On Language Order and Interference in Language Learning

Six summers ago (for it’s already the beginning of summer in Bishkek) my American roommate at my Peking study abroad program and I were in the great Xinhua Bookstore at WangFuJing when we were approached by a French guy looking for a French copy of The Little Prince. Both of us spoke French, and had studied it far longer than we had studied Chinese. But a curious thing happened – every time we tried to reply in French, we found ourselves speaking Chinese. Somehow the intensive study of Chinese had temporarily taken over the “foreign language” section of our brain – when we tried switching to a language other than English, we automatically, unthinkingly, switched to Chinese. (And in the end, all three of us discovered that we could all speak English; communication difficulties resolved).
Last year, while traveling in Kazakhstan right after I left China – my first time in three years that I was in a country where I had to communicate in a second language other than Chinese – I noticed another interesting phenomenon. At this time I spoke a smattering of elementary Uyghur (related to Kazakh enough to be somewhat mutually intelligible, at least enough to cover basic communication needs; at one time both languages were considered ‘Turki’ or “Eastern Turkish” though they have since developed significant phonetic differences), and I had just started studying Russian on my own. When I tried speaking to someone in Russian, but didn’t know a word, I would unconsciously submit a Uyghur word. And when I was speaking Uyghur, I would sometimes stumble into Chinese. But never did I go from Russian to Chinese, or at any time experience interference from English. It seems I had a chain of second language interference: Uyghur to Chinese, as I had learned Uyghur in China (and in Chinese, using a Chinese textbook in a classroom with Koreans classmates who also spoke Chinese); and Russian to Uyghur (as I was learning Russian in a geographical context that also supported ‘Turki’).
The Russian-Turkish language situation is now a bit flipped, as I’ve forgotten most of my Uyghur (it slipped into and was devoured by Turkish), and my Russian is better than my Turkish. This past weekend E, his co-worker-and-distant-relative, and the latter’s local girlfriend (a Kyrgyz woman who speaks fluent Turkish and, as she works at the Turkish university, now barely uses Russian for everyday affairs) went to Taverna 12 Kaminov in the mountains. The girlfriend knows Turkish, Kyrgyz and Russian, and the co-worker only Turkish, so naturally all of them spoke Turkish all weekend. When addressed, I might understand what was being said, but I would almost always reply in Russian, so the girlfriend and I would have these odd dialogues where she’s speaking Turkish to me, and I’m responding in Russian (a language she knows, but is less comfortable speaking).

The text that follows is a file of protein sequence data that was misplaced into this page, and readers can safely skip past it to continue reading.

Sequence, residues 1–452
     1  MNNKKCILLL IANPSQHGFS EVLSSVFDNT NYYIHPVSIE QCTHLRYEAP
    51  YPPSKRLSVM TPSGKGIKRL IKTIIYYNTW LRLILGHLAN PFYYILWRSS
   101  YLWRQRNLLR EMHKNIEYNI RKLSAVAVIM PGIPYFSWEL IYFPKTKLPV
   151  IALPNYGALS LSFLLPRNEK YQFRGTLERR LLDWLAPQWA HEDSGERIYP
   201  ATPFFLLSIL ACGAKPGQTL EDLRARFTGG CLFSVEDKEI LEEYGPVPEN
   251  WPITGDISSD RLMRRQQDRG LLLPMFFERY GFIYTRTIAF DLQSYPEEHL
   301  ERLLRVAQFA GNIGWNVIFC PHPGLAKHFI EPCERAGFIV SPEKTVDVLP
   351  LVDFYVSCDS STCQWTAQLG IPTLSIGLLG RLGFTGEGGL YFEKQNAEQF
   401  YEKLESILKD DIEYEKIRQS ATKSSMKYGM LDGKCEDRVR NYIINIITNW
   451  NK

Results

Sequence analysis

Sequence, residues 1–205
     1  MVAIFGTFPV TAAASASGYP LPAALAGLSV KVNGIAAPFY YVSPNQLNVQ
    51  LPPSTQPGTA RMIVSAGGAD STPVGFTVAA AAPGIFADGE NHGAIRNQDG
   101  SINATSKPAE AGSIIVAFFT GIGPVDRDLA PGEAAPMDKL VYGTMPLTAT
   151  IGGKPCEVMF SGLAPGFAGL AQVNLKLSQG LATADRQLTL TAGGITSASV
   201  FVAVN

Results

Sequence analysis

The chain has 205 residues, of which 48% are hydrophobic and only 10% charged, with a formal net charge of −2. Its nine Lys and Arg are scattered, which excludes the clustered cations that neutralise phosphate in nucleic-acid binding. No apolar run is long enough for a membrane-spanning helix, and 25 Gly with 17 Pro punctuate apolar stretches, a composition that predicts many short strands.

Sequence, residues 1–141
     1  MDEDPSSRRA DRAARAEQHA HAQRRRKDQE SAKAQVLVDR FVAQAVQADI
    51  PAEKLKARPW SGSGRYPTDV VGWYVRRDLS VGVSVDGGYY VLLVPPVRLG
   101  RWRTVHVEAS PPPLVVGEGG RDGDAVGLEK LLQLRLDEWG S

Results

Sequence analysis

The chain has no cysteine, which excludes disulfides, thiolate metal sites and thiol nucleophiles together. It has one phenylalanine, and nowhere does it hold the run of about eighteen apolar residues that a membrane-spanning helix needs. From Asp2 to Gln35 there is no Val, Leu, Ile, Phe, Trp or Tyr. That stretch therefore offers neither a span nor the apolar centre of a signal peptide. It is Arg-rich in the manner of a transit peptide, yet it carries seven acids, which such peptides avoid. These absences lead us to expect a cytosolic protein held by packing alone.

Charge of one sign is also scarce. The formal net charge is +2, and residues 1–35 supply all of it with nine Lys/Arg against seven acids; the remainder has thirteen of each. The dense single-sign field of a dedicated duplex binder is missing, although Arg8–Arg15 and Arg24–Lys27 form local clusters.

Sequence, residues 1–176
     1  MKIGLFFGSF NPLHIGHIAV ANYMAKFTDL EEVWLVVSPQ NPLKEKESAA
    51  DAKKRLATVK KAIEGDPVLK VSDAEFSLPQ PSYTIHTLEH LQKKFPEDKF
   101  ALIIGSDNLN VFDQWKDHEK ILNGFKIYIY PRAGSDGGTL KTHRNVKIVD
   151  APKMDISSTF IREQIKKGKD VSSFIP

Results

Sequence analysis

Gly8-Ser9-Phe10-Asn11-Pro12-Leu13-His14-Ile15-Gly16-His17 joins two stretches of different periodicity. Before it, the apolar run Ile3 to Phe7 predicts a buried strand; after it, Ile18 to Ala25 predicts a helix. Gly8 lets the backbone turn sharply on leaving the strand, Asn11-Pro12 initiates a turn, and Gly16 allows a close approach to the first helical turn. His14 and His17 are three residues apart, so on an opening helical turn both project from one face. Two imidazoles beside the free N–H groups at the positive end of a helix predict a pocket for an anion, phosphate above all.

What we can make of all of this – first languages do not interfere with second languages as much as previously supposed. Instead, it appears that second languages are stored in different areas of the brain than first languages, their use is triggered by different associations (I might write more on this later), and a speaker may develop a linguistic order among their second languages. My computer currently won’t go online (the wifi is out and cable doesn’t work with my American machine), but when it does again I’ll upload links to a few articles I read in a linguistics class last winter that explain some of my experiences with more scientific depth.
This notion – that first languages don’t interfere that much with second languages – doesn’t seem to hold up in all circumstances though. Taking China as an example – from years of teaching English in China and editing papers in China (including a decent number of graduate student dissertation introductions and abstracts) it would seem that Chinese, and Chinese grammar and figures of speech especially, do heavily influence Chinese-speakers’ English speech and writing. I would argue, however, that this is because in China English is (though this is changing – perhaps I should say ‘was’) taught like other school subjects, and not as a distinct thought system. Thus Chinese students don’t develop a different mindset for thinking in and producing English.


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